If this face looks familiar – the pearly whites inside that soft smile – it’s probably because you read the Windsor Star newspaper (print or online – doesn’t matter, he’s there!) . Ted Shaw is an Arts & Entertainment writer for The Windsor Star. He’s has been a journalist since 1975. Although it was never a ‘dream’ to write for a newspaper, Shaw was inspired by former Toronto Star journalists, whilst he attended Sheridan College, to write in this genre. Previous to his studies at Sheridan College, Shaw received his B.A. at the University of Toronto. He wrote reviews for the U of T student newspaper, The Varsity. Shaw’s freelance article have been published several newspapers and journals as well as in the Windsor Star.
I invited Ted to answer the following question:
What is the difference, in terms of writing process, between your journalism writing life and your personal writing life?
It depends what kind of journalism you’re talking about. I do reviews, features, the odd narrative, and straight news stories.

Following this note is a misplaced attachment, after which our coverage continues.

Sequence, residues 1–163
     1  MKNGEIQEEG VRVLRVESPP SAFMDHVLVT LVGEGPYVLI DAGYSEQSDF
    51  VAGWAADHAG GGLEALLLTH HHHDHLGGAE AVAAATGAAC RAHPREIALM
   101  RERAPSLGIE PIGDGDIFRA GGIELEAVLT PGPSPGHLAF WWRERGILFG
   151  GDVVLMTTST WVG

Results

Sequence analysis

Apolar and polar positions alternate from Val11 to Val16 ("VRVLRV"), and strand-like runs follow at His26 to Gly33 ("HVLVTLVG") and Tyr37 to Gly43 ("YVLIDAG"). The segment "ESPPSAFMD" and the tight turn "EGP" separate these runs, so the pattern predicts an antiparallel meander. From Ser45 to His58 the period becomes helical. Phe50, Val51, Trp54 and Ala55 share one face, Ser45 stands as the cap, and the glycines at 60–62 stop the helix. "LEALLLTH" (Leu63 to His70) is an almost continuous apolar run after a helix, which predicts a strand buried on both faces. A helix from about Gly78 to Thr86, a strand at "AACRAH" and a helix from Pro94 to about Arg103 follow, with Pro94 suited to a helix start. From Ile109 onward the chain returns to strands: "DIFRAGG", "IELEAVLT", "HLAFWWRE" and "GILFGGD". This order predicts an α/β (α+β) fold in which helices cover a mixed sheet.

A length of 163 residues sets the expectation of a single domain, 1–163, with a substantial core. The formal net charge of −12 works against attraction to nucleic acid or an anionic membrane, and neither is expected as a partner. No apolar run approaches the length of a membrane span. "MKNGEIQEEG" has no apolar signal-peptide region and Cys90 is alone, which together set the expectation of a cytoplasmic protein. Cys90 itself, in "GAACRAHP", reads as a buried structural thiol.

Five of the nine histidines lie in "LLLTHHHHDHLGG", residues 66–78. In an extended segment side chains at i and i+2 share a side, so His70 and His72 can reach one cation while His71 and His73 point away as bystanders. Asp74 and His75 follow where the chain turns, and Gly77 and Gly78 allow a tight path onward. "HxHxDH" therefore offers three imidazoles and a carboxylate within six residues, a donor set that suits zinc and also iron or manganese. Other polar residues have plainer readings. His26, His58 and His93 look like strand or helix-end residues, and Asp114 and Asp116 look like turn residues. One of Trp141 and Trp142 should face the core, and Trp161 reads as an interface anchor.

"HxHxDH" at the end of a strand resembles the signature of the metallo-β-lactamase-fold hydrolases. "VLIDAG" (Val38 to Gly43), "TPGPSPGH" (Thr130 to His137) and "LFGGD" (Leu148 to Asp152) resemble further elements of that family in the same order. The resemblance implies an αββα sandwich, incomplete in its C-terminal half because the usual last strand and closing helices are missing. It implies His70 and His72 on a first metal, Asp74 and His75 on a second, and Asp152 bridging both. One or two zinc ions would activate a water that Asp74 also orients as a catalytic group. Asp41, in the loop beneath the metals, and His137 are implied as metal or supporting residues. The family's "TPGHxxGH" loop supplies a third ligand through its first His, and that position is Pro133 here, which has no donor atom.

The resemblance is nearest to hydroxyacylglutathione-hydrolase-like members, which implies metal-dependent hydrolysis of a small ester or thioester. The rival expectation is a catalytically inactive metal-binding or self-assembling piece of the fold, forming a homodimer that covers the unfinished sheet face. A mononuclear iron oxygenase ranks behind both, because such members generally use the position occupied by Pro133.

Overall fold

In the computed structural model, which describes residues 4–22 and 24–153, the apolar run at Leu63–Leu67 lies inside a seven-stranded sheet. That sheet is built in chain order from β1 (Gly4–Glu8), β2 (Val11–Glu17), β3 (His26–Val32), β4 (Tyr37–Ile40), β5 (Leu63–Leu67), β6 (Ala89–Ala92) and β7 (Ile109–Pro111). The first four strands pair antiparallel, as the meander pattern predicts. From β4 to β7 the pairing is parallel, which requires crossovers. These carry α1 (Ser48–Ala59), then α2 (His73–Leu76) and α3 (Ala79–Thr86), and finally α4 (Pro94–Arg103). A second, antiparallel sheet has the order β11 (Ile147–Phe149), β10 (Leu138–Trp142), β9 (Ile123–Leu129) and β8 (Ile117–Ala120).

Recently, I wrote a first-person story about my struggles with diabetes, and I enjoyed the freedom of writing without any restrictions in terms of personal opinion.
It’s much the same writing a review of, say, a concert at Caesars or the Windsor Symphony. There, my experience comes into play and I’m actually concerned with making the review double as a news account of the concert rather than just my opinion of the quality.
When I’m writing for pleasure, I tend to focus much more closely on the rhythm of the writing. I read what I write aloud to myself, and if it doesn’t flow exactly right, I work on it until it does.
Rhythm is something I try to inject into my newspaper writing, too, and I even strive to give each article closure by writing a final paragraph or line that tells the reader it’s the end. A punchline, if you will.
It’s not something every feature writer does, especially in newspapers where the inverted-V is applied — you aim to get the pertinent information at the top and least pertinent towards the bottom so an editor can feel free to cut the story to fit a hole. I’m allowed more freedom when it comes to that because I write mostly features.
Newspaper writing is becoming more formulaic with the development of digital technology. Articles are shorter and dryer, almost sound bytes.
Thank you, Ted!
If you’d like to read more of Ted’s writing, please click here.